It's like if the police turned around and said, "Well, people are robbing, killing and raping. Let's just put everyone in the world in prison. Problem solved."

And surely this is a lousy decision as far a market competition goes. People who would be downloading D&D can now turn their attention to other games like...T&T.

Maybe it isn't so bad after all.

Thursday, 2 April 2009

Gearing up for Labyrinth Lord

Next Monday night I'll be hosting a Labyrinth Lord game at my local game store. It'll be an introductory session to those unfamiliar with the rules and I'll be using the free module The Tomb of Sigyfel, a short dungeon crawl.

I'm not sure how popular Labyrinth Lord is here in the UK, but I'm sure it will garner some interest in those who come along. Most people there will be playing in an ongoing 4th edition campaign, so the juxtaposition of OD&D and the latest incarnation may lead to some interesting discussion.

Wednesday, 1 April 2009

Review: Tunnels and Trolls 8th edition

It's been a long time coming but it's finally here, Tunnels and Trolls 8th edition, and for the first time this looks like it could be a competitor in the major RPG market, bashing heads with the likes of WotC and White Wolf.

There are three core rulebooks, all gorgeously illustrated: Trollmaster's Guide, Delver's Handbook, and Tome of Monsters. Although T&T had grown popular in the past because of its simple system that only required one rulebook, to compete with the best Ken St.Andre decided that complicating the rules and endeavoring to make as much cash as possible would be the best way to go.

The Delver's Handbook outlines the rules of character creation and gameplay, both of which have undergone rule surgery to make them bigger and better. There are now seven types of kindred: Human, Elf, Dwarf, Ghastheim, Half-Orc, Half-Troll, and Wolfkin. They have slashed away pesky imbalanced creatures like Leprechaun and Fairy and also got rid of all the rare kindred. But now we have four new kindred who stand much more of a chance of getting through a dungeon than a Fairy Wizard.

Character classes have also been revamped. Whereas before there were Warrior, Wizard, Rogue, Citizen and Specialist, they have gone the D&D route to make the classes stand out more and give greater roleplaying options. The Warrior still remains but under the name Knight, but the Wizard has been split into Sorcerer and Mage. Ranger is now a class of its own, along with Cleric, Paladin, Ninja and Shapeshifter. All the new classes add more flavour to the game, with special powers and abilities that compliment each other in battle.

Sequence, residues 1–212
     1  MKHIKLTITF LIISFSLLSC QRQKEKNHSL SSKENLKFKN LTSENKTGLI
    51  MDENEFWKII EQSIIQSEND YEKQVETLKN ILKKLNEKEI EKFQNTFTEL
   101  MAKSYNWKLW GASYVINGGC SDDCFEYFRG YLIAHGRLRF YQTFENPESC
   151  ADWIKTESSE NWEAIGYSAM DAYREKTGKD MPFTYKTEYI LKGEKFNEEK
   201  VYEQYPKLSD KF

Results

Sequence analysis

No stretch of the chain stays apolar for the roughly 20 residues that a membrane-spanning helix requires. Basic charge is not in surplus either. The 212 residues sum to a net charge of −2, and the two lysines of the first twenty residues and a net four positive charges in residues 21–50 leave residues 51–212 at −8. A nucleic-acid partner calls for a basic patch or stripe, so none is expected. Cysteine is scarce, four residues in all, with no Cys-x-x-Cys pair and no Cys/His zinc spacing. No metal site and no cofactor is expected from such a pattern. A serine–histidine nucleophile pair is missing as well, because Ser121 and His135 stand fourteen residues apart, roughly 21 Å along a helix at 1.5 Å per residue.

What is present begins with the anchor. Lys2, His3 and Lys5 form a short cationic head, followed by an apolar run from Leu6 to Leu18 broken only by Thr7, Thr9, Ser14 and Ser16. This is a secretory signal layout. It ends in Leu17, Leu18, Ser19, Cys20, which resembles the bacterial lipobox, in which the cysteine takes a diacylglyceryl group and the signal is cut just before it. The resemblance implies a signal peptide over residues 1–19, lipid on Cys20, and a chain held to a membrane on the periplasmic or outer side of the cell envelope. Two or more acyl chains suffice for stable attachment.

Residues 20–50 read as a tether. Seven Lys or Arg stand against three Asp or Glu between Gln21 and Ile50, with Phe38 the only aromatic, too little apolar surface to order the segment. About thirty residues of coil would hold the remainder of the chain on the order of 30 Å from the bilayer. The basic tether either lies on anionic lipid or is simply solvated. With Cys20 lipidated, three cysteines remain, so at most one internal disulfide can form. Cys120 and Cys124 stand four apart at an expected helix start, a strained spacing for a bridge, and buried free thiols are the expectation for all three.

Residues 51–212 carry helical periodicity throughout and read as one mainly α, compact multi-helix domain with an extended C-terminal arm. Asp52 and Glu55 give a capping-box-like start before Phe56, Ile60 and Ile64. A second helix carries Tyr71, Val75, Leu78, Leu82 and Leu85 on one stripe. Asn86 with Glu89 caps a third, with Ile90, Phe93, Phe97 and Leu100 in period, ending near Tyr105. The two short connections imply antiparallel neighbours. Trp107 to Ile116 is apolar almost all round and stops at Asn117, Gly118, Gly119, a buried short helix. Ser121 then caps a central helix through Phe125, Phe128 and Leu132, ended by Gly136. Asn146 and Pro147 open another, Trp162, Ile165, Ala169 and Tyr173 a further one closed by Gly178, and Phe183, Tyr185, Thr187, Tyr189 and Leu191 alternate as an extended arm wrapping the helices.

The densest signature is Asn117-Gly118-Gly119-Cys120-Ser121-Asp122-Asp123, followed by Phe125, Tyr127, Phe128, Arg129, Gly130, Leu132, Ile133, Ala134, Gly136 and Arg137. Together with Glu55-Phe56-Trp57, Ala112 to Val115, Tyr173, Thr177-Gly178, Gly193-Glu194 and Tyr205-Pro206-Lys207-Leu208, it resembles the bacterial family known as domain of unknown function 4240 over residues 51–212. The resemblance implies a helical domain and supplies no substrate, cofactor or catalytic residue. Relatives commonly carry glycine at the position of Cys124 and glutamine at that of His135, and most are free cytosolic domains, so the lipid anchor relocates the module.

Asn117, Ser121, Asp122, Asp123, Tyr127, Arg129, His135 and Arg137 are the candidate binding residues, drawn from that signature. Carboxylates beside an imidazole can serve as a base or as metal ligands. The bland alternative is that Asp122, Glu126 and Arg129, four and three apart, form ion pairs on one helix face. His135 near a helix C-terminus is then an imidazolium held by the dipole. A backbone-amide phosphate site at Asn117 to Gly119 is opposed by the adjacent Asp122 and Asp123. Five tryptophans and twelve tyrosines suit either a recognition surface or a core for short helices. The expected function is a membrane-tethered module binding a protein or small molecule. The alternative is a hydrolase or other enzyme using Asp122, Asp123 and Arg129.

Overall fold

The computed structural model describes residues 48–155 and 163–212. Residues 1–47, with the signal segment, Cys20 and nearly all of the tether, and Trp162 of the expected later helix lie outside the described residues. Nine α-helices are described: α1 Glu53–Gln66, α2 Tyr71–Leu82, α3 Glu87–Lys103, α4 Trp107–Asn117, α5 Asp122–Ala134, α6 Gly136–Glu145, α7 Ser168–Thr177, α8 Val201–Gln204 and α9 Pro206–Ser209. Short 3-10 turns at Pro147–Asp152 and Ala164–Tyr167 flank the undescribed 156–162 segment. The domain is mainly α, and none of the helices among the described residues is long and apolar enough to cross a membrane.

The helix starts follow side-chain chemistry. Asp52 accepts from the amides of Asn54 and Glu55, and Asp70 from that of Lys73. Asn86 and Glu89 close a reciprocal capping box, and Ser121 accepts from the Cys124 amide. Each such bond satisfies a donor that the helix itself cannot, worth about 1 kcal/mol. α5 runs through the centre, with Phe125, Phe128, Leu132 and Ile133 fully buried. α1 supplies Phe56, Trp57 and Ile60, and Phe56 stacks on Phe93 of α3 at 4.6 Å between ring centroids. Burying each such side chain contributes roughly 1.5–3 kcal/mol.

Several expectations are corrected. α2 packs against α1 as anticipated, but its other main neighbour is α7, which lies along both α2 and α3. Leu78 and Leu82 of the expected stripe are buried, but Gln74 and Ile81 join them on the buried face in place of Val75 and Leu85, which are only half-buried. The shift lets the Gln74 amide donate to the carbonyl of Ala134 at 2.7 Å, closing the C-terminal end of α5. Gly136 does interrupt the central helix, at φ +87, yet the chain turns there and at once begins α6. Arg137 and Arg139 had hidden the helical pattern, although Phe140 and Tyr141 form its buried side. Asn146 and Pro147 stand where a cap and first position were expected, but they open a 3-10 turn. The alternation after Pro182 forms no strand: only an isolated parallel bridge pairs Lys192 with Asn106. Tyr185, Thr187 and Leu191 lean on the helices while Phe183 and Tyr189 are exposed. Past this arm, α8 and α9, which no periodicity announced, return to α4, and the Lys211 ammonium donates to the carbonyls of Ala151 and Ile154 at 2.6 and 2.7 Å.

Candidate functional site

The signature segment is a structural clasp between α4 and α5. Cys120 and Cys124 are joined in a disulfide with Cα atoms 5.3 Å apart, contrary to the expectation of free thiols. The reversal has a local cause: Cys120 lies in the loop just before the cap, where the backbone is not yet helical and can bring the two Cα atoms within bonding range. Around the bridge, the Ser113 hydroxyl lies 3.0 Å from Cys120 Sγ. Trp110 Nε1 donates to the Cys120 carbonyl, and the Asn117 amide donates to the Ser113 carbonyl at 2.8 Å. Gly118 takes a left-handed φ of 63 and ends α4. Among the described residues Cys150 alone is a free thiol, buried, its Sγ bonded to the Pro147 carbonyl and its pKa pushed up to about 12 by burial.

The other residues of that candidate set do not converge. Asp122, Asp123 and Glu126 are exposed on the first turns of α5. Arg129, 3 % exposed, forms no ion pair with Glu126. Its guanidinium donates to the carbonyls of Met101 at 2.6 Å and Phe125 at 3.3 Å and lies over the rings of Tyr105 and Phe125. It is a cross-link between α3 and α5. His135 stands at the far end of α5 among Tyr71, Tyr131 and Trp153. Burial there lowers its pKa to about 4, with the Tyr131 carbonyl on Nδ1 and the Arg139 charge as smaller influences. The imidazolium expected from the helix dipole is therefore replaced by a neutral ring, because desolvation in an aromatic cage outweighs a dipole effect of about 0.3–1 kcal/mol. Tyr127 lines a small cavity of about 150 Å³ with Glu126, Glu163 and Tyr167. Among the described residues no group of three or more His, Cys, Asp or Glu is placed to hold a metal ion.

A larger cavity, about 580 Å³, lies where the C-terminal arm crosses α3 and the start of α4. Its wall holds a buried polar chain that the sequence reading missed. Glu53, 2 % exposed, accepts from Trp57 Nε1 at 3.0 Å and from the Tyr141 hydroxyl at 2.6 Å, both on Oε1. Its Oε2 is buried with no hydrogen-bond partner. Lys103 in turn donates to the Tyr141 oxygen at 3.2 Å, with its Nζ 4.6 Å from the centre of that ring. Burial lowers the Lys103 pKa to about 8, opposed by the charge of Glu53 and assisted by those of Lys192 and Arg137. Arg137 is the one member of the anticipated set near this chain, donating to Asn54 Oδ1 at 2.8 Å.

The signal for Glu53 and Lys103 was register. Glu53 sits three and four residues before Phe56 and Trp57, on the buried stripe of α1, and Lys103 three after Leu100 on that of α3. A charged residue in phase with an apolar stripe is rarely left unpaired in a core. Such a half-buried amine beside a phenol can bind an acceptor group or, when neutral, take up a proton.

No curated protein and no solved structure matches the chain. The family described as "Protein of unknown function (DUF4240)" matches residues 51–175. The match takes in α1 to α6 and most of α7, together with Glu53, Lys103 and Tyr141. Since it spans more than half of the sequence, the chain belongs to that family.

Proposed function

The system had been overhauled in favour of different polyhedrons rather than the old and used D6 method. Now character creation is done by rolling four d8s and discarding the lowest to find the attributes. Adds are gone, instead there is a set Fighting attribute for each class that you add to attacks. Armour is no longer absorbed, instead the number reflects how hard you are to hit, which is always a winning mechanic. Gone are the 5d6 broadswords, they have been replaced with '+' weapons, such as +3 dagger or +4 axe. The weapon chart is another thing that's been trimmed. It has lost all of those silly exotic knives and spears and now we have seven swords, three axes and four bows.

Magic is now free for every class to use and you don't need to pay to get new spells, they just instantly come to your head. WIZ has been taken out because spells are now once a day powers unless they are level 0, in which case they can be used as many times as you want. All the stupid spell names that Ken thought were hilarious have been replaced with serious labels. What used to be 'Take That You Fiend' is now the much better 'Energy Missile'. This aims to take the childishness out of the game and make it more accessible to serious players who want dark and bloody games.

The Trollmaster's Guide sets out rules for opening locks, sailing ships, making rope, eating round fruit, stroking sheep, close harmony singing etc. Everything now has a rule, instead of that silly universal saving roll mechanic. If you want to climb a ladder and smash a window you must first roll d10 then add your strength minus climbing modifier which will give you the target number on a d12. Once you have that number you must plus your dexterity and willpower, subtracting Common Fears and armour weight to get the final target result. It's fast, simple and effective.

The Tome of Monsters is an exquisite book outlining no less than 6000 monsters to use in your campaign. There are no more Monster Ratings, as they were far too simplistic for super intelligent gamer brains, so we have full stats for each monster with the inclusion of stats for different sizes, ages and weights for each monster. This offers a much deeper game and better encounters.

For £130, the three core rulebooks are a steal. St. Andre has said that there will be many more supplements to come so save your pennies. 8th edition is the game for the new market, with harder rules, less fun and a money grubbing mindset that will keep gamers coming back for years to come.